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Added: Please note the date this post was published on. After a couple of years of implementing some really amazing and progressive change at Elsevier, I’ve decided to refocus some of my advisory efforts over the next few years. As a result, I’ll be taking on a senior advisory role for the Government of Canada.…

I’m always interested in the present and future of libraries. There’s a steady stream of reports from various organizations that are broadly relevant to the (mostly academic) library biz but they can be tough to keep track of. I thought I’d aggregate some of those here. Of course I’ve very likely missed a few, so…

York University mathematician and civil rights activist Lee Lorch died February 28, 2014 at the age of 98. A few years ago I posted on the 2007 Joint Mathematics Meetings in New Orleans Lee Lorch where Lee was awarded the Yueh-Gin Gung and Charles Y. Hu Award for Distinguished Service to Mathematics. The citation read:…

Trope or fact? Technology creates more jobs than it destroys Will robots steal our jobs? The humble loom suggests not. The technology and jobs debate raises complex questions Chasing Entertainment Thinking the unthinkable: a library without a catalogue You’re not going to read this The OPAC is Dead Concordia rethinking its downtown library Libraries are…

Open Science for undergrads!

Earlier this week I was invited (er, invited myself, really) to give a talk to a class of first year computer science students about open access and open science. Sadly, there was a partial snow day that day and I was unable to actually give the talk. Which is too bad, because I’ve done similar…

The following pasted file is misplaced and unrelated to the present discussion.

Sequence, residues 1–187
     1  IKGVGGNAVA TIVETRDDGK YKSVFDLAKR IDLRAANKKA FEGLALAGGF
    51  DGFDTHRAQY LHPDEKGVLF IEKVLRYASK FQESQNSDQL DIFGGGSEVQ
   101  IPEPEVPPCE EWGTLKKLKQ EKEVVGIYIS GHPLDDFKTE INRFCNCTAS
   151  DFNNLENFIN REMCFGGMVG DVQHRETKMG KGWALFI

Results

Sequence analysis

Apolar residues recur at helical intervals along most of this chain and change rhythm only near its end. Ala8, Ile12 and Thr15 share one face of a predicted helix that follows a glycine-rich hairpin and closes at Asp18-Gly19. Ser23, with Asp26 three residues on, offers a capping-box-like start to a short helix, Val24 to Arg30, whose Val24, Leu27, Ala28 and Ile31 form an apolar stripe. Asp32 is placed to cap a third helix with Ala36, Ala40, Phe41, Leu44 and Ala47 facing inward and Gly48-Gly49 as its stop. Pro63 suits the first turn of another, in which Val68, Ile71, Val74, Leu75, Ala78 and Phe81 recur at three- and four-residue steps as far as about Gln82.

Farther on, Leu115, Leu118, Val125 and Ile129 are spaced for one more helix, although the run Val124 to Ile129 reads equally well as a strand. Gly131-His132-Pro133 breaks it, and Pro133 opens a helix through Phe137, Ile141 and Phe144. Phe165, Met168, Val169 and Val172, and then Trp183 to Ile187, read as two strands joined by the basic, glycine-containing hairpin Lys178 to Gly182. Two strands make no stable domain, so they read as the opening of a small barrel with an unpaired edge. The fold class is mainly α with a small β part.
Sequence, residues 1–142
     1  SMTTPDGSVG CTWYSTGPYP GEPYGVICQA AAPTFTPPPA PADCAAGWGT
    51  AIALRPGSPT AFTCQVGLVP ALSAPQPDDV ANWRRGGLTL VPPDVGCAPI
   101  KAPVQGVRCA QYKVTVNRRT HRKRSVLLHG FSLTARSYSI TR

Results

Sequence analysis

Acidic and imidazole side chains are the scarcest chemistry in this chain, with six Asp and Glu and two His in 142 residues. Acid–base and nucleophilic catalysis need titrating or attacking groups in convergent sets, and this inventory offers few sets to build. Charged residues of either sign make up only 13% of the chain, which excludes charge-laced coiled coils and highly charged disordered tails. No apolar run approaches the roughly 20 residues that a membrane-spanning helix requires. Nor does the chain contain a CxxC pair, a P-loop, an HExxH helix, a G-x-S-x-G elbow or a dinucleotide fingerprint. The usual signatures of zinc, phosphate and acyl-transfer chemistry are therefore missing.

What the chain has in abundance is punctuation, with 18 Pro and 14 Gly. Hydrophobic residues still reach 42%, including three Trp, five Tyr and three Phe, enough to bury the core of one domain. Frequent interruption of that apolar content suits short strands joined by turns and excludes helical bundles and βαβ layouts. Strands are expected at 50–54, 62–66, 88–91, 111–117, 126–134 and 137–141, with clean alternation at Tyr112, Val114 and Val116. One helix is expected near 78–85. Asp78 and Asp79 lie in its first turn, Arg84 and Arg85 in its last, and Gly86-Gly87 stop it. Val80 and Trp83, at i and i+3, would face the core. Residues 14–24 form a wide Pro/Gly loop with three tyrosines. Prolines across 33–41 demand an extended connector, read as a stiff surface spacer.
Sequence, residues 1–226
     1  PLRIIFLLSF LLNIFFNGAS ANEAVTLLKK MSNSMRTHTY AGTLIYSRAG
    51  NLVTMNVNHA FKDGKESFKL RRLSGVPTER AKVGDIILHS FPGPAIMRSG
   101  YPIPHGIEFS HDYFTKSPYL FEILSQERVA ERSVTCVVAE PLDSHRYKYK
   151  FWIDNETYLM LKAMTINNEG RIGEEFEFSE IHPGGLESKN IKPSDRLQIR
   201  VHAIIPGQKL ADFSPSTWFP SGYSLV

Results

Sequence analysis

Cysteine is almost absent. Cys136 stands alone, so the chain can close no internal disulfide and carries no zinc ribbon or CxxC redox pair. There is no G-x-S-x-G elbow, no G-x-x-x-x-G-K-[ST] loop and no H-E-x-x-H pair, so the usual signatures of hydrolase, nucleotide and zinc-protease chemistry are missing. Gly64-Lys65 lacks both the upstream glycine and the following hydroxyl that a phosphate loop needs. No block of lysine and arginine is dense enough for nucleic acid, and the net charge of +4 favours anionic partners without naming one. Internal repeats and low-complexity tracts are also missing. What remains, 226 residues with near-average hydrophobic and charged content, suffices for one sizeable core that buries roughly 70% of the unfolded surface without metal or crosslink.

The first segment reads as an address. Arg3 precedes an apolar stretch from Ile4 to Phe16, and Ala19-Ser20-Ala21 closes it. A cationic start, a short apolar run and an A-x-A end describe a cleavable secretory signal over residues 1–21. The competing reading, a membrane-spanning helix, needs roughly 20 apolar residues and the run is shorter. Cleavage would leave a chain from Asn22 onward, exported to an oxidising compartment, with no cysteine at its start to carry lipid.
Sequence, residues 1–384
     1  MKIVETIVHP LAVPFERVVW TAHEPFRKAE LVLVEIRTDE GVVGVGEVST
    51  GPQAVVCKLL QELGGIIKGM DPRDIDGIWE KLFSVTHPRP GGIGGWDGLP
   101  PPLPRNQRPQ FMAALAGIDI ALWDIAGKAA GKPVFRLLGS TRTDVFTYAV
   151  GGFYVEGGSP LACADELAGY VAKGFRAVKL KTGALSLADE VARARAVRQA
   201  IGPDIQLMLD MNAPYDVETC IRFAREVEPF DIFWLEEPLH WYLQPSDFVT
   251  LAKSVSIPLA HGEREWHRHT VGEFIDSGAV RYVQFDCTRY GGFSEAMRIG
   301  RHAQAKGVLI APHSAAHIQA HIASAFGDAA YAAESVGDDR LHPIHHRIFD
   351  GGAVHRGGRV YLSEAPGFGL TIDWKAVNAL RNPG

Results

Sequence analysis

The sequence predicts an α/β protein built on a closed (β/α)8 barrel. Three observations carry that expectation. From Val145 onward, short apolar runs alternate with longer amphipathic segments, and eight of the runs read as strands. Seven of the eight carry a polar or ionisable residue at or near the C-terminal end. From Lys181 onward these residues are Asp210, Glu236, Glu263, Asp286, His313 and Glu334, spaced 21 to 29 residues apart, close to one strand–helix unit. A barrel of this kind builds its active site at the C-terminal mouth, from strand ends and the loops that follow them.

I’ll be at Science Online Together for the next few days. I missed last year so I’m really looking forward to getting back into the Science Online swing of things. As is occasionally my habit, I’ll be listing here some attendees that are either Canadian, librarians or, in a few select cases, both. I’m adding…

I have a son who’s in the middle of his second year as a physics undergrad. As you can imagine, I occasionally pass along a link or two to him pointing to stuff on the web I think he might find particularly interesting or useful. Thinking on that fact, I surmised that perhaps other science…

I love science, I love science fiction. The common misconception about science fiction in particular is that it is somehow about the future, about predicting and describing it. Same with science, in a slightly different way. Science (and technology…) should be about inventing the best gizmos to make life the easiest and most pleasant. In…

Welcome to the rebooted science interview series here at Confessions of a Science Librarian! The previous incarnation mostly concentrated on people in the broadly defined scholarly communications community, like Mark Patterson of eLife, Peter Binfield and Jason Hoyt of PeerJ or author Michael Nielsen. The series has been extremely irregular for the last few years…

Many of my readers may recall that back in October I published a post announcing the Draft Open Access Policy consultation process launched by the Canadian Tri-Councils — Social Sciences & Humanities Research Council, Natural Sciences & Engineering Research Council and Canadian Institutes of Health Research. The deadline for submissions was December 13th. Since the…

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